These Stunning Quotes From Parkland Students' Town Hall Prove They're The Real Heroes

by Priscilla Totiyapungprasert

The Parkland, Florida, school shooting survivors weren't lofting softballs or mincing words at the CNN Town Hall. In the gun control discussion, Parkland students asked Florida lawmakers and the National Rifle Association to address what was being done to prevent future massacres. And no, they weren't asking for "thoughts and prayers" — they were demanding action and seeking concrete solutions to stop mass shootings. Responding to their concerns were Sens. Marco Rubio and Bill Nelson, Rep. Ted Deutch, and NRA national spokesperson Dana Loesch.

Students from Stoneman Douglas High School led the charge in the gun control debate mere days after they survived a mass shooting on campus on Feb. 14. The suspect, a 19-year-old former student, walked into the school with a legally purchased AR-15 semi-automatic rifle and killed 17 people, police reported. Dubbed the "Never Again" movement, the teenage activists are giving speeches, appearing on television, mobilizing on social media, walking out of their schools, and planning a nationwide protest for March 24 — all to send this clear and powerful message to the U.S. government: This is not OK, something has to change, and we are holding you accountable.

On Wednesday night at the CNN Town Hall meeting, the Parkland students were given a chance to press for answers from state representatives and the NRA. Here are some of the most noteworthy quotes:

"Was the blood of my classmates worth your blood money?"

Freshman Michelle Lapidot immediately called out the "puppet politicians" backed by the NRA. (For reference, the Open Secrets project, compiled by nonpartisan and nonprofit research group the Center for Responsive Politics, gives a breakdown of how much money each U.S. lawmaker has accepted from the NRA.)

The town hall moderator dismissed Lapidot's question for not being specifically directed to Sen. Nelson, who was up to answer the first question. Nelson, a Democrat, has a poor rating with the NRA and has been vocal about adding restrictions on assault weapons.

"Senator Rubio, can you tell me right now that you will not accept a single donation from the NRA?"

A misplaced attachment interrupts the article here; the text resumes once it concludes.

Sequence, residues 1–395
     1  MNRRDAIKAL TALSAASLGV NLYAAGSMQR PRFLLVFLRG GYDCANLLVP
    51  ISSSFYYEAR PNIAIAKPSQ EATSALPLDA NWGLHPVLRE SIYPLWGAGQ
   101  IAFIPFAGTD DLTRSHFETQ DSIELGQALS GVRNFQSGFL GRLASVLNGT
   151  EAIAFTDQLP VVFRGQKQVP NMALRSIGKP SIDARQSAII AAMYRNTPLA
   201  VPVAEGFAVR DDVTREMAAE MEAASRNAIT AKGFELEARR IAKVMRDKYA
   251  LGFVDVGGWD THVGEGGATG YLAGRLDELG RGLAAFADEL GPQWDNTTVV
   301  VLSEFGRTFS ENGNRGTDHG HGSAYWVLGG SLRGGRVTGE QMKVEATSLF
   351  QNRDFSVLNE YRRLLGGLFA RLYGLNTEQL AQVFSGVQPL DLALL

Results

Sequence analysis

Donations from the NRA continued to be a major talking point and junior Cameron Kasky put Sen. Rubio to task for the more than $3 million the Republican has accepted from the NRA throughout his political career. Rubio initially sidestepped Kasky's question by responding that everyone has the right to be safe in school and that he supported any any law that would keep guns out of the hands of a "deranged killer."

"The influence of these groups comes not from money, the influence comes from the millions of people that agree with the agenda," Rubio added.

Kasky called out Rubio for not giving a yes or no answer to his original question, to which the senator answered by saying "if people want to support my agenda, they're welcome to do so."

"I want you to know we will support your two children in a way that you will not."

Senior Emma Gonzalez asked Loesch, a conservative commentator who got her start as a mommy blogger, if she thinks it should be harder to obtain semi-automatic guns and modifications, like bump stocks, that can make an assault weapon perform like a fully automatic weapon. Instead of answering her question, the NRA spokesperson went off on a tangent about mental illness and described the Florida shooting as a case of one "insane monster." Loesch said she supported a background check to stop people who are "nuts" from purchasing firearms.

"Why do we have to march on Washington just to save innocent lives?"

Senior Ryan Dietsch wanted to know why he and his classmates even had to do this discussion-turned-debate, questioning why they have to be the ones who speak out to Florida state politicians.

He and other survivors announced earlier this week they are planning a protest march in Washington, D.C. Dietsch said in an interview with PBS News:

We've had enough. We are the generation that was born after Columbine. We have lived with is our entire lives and now it happened at my school. I spent two hours in a closet just hiding and I am done hiding. We're done hiding. America has done hiding.

The demonstration is scheduled to take place March 24. Meanwhile, students across the country are already staging walk-outs from school to stand in solidarity with the Parkland shooting survivors.

"You may have brought the dark, but together we will shine the light."

At the end of the town hall, survivors of the Parkland, Florida school shooting sang "Shine," a song written by the students. Lyrics include:

You're not going to knock us down
We'll get back up again
You may have hurt us but I promise we are stronger and
We're not going to let you win
We're putting up a fight
You may have brought the dark
But together we will shine a light

Along with the students, teachers and parents of the Parkland shooting victims also confronted the politicians and the NRA.

President Trump held a listening session earlier that day in D.C., where attendees included six students and families from Parkland, as well as parents of the Columbine and Sandy Hook mass shooting victims. Trump suggested various solutions ranging from mental health screenings for gun purchases to arming teachers. At the town hall, Broward County Public Schools superintendent Robert Runcie, whose jurisdiction includes Stoneman Douglas, disagreed with Trump's more controversial suggestion: "We don't need to put guns in the hands of teachers."

These students' quotes won't mark the end of their mission for stricter gun control. You can bet they're going to continue making their voices heard well into the future.